– Alex –
Alex tossed and turned in his bed. For two weeks, he remained locked up in his trailer apartment, shut off from the world. Well, except for the delivery man making rounds, delivering large sized pizza cartons to his place every day. The trailer stank, the stink of rotten pepperoni and cheese toppings – his favorite. The refrigerator remained opened, it’s light burnt out, the chambers void of content. Outside, short stubs of stubborn grass had erupted around the perimeter, his garbage bin colonized by a hoard of flies, united by a common goal to find insectopia.
Alex allowed his hand slip under the band of his briefs, roaming, grazing repeatedly the tip of his hog before coming to rest in a cuddle with his scrotal sac. The space between his thighs was damp, a dampness that had remained since his last bath two weeks before, the morning before she broke up with him. The cuddle eventually broke and, finely but swiftly, his hand moved to his other nose, his index finger nudging its tip as he did.
‘Fuck’, he muttered, his nose and forehead wrinkling, his olfactory pleading for respite. Alex yawned, the the emerging miasma seemed to darken the room darkened. He knew it was time.
– Closure –
The sun emerged from behind the quickly forming dark clouds. Alex squinted in the piercing of its rays, rehearsing approach lines. His shirt was a bright yellow, feigning the color of a happy man. It was time to start the process of moving on, but he wanted this. Some sense of closure between them. He needed it. Not knowing what went wrong, what he did or did not do, worried him greatly. It hurt more than the rejection he felt. By the time his thoughts collected, his feet had brought him to her house. He looked up at her window – the one that opened into the street. Several nights standing on this lawn, he had thrown pebbles at her window until her head popped out of it. He stared for a moment at the carpenter working on the roof just atop the window.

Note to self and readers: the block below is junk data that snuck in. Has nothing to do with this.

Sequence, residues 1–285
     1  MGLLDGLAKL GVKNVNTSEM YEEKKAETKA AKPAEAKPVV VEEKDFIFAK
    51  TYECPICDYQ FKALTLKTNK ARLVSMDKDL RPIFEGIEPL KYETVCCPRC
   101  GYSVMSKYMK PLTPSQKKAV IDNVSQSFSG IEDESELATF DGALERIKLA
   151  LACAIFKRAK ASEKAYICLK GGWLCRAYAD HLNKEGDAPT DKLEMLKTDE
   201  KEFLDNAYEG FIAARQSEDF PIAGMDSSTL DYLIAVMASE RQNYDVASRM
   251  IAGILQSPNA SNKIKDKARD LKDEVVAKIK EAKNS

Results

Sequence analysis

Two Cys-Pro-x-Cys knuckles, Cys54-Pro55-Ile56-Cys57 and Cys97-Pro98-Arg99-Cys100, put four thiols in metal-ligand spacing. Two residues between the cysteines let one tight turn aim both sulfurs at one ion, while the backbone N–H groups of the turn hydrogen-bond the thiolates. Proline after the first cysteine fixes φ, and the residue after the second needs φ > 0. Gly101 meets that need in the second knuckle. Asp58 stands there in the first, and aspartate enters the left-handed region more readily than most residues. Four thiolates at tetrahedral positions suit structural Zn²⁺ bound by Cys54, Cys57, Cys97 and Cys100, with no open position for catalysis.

‘Good afternoon Mr. Russo, I was hoping I could talk to Molly for a bit, sir’, he mumbled in his southern drawl, striding across the lawn up to the Molly’s daddy.
‘My daughter told me that you two broke up’.
‘That’s right, sir. But I just want to talk to her for a bit, sir’, he drawled on.
‘That’s fine, son, but Molly ain’t home. She be back any minute now, so you can wait for her. I need to go into town and get a replacement for this here piece of her roof before them stores are closed’.
‘I don’t know if she gon’ like me waiting inside for her. I can just run into town and get this replaced for you, sir, and she’ll be in before I get back, sir’.
Mr. Russo paused like a housewife who had heard her husband offer to make dinner for the first time in her marriage. His eyes dimmed in admiration.
‘Hmm. Not a bad idea. Not bad at all’, he replied, his face remaining without expression.
Mr. Russo had never shared a laugh with Alex. He had never smiled at him either, and he wasn’t about to now. He knew the boy was responsible for the reported broken panes of glass at Molly’s window. He knew Alex sneaked into the house a couple of times too. He watched Alex straddle along the picket, down the street and towards town with the sizeable piece of roofing sheet under his arms.
– Happiness –
Alex tossed and turned in his bed, this time satisfied. In the darkness, he peered at the piece of roofing sheet rested against the wall next to his father’s shotgun. The trailer stank but Alex didn’t notice.
Molly would sleep under the stars tonight. A smirk formed on his face, put there by the irony that his closure was an opening in Molly’s roof.
A bright blue light streaked along the insides of the trailer. The clatter of rain and the bellows that interrupted it were the comfort that Alex needed.